Comparison of factor returns for growth, quality, and value styles

Last data point: October 16, 2020
Sources: Bloomberg, Credit Suisse

Historical performance indicators and financial market scenarios are not reliable indicators of future performance.

The interplay between the two traditional investment styles "value" and "growth" is of central importance for investors. Those who set the right course here will generally reap the rewards for a number of years. It is also possible that, in the coming months, the strong economic recovery will bring forth a new leader. Over the last 23 years, "growth" has won over "value" in 13 of those years, while "value" triumphed in a total of ten years – between 2000 and 2007 and, for idiosyncratic reasons, in 2011 (euro crisis), 2016 (oil price increase), and 2018 ("flash crash").

Equity markets: "Growth" vs. "value" style

The long view on the "growth" versus "value" styles

S&P 500 Growth Index and S&P 500 Value Index relative to the S&P 500

Last data point: October 20, 2020
Sources: Standard & Poor’s, Haver Analytics, Yardeni Research

Historical performance indicators and financial market scenarios are not reliable indicators of future performance.

The equities that are particularly attractive for investors now

With a view to the future, German equities are especially attractive for investors, as are those from China and Taiwan, in the current environment. To a certain extent, this combination allows investors to marry "growth" and "value," and cushion any risks. In this context, German equities are typically "value" securities with a cyclical profile (banks, automobiles, machinery, chemicals). As such, they are likely to benefit from the global recovery in the coming year. The fact that they are favorably valued and show a high dividend yield should give them additional tailwind in 2021. In contrast, Chinese equities are benefiting from their focus on technology, a large, fast-growing Asian market, their low valuation, and the stimulation of the market through government policy.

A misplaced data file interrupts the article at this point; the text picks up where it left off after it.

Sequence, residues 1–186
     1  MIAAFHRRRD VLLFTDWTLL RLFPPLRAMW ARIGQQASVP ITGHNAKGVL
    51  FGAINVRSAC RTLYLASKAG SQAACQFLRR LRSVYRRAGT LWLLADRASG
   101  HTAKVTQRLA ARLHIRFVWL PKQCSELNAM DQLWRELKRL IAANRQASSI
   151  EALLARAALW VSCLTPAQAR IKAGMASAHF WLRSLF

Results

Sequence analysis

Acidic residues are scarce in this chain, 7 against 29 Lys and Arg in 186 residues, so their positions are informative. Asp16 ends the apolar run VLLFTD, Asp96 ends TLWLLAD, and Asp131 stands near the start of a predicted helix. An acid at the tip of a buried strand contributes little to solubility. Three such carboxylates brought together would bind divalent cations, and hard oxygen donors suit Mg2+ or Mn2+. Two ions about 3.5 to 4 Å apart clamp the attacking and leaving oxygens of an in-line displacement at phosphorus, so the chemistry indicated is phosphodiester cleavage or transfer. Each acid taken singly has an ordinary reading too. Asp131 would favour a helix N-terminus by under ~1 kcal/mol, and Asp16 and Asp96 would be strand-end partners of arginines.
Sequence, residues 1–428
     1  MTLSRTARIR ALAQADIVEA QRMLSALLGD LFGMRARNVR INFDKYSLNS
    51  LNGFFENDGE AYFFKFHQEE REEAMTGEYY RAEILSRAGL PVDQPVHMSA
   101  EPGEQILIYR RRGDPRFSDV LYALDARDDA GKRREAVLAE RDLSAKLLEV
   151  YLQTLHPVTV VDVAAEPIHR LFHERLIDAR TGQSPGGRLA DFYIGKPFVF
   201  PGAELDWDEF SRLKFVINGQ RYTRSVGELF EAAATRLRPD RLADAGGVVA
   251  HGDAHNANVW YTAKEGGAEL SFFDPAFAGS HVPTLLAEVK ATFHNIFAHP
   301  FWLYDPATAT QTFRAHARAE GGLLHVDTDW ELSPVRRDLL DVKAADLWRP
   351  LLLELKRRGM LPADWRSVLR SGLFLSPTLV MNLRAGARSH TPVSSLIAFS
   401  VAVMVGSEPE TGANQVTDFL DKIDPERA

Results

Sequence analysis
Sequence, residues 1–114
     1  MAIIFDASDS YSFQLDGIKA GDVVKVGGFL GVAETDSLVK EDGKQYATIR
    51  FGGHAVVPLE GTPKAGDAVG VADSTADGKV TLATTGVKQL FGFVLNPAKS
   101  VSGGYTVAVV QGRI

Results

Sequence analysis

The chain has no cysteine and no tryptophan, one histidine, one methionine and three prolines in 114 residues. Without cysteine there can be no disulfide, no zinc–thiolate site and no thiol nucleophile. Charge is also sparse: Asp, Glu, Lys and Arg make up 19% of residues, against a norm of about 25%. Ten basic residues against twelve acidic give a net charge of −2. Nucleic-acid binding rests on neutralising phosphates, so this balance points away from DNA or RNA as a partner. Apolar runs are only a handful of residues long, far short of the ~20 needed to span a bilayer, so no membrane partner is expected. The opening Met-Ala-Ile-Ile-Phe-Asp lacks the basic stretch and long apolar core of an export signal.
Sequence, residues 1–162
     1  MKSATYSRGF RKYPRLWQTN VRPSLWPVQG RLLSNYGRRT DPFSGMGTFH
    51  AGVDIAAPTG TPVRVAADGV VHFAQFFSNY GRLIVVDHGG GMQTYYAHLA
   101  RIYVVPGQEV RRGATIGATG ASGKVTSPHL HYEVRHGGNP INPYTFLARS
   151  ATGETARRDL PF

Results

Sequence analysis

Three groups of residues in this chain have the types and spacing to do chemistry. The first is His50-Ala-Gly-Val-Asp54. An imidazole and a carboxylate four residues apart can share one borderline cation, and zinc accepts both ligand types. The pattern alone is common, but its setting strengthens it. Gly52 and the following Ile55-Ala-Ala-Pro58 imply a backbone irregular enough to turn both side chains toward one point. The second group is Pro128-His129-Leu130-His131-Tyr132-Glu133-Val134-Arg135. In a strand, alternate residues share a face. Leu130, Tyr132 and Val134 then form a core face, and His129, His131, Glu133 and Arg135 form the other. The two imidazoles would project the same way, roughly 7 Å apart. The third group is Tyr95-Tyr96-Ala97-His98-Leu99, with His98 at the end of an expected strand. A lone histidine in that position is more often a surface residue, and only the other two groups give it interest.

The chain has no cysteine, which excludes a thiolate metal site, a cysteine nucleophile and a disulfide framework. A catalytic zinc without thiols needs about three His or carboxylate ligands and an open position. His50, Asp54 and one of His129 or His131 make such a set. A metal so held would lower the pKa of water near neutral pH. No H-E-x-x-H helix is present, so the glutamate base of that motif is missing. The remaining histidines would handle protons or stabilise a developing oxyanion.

Global structural change is changing sectors

The COVID-19 pandemic is leading to structural change in various sectors, such as the energy sector. This is because, in the meantime, the pandemic has strengthened the political will for a decarbonization of the economy and change in climate policy. In light of this, the markets are rewarding those companies that focus on sustainable energy production and supply. For example, solar securities have seen gains of more than 100% since the start of the year.

Equity markets: Sustainability is paying off in the energy sector.

In the energy sector, sustainability counts more than ever

Index of equity price performance, January 1, 2018 = 100
Last data point: October 16, 2020
Sources: Bloomberg, Credit Suisse

Historical performance indicators and financial market scenarios are not reliable indicators of future performance.

The second-round effects of the crisis are highlighting the importance of "sustainability." Our recommendation for investors is clear: Sustainability as a Supertrend and an investment style will remain a valuable success factor for companies and investors, now more than ever.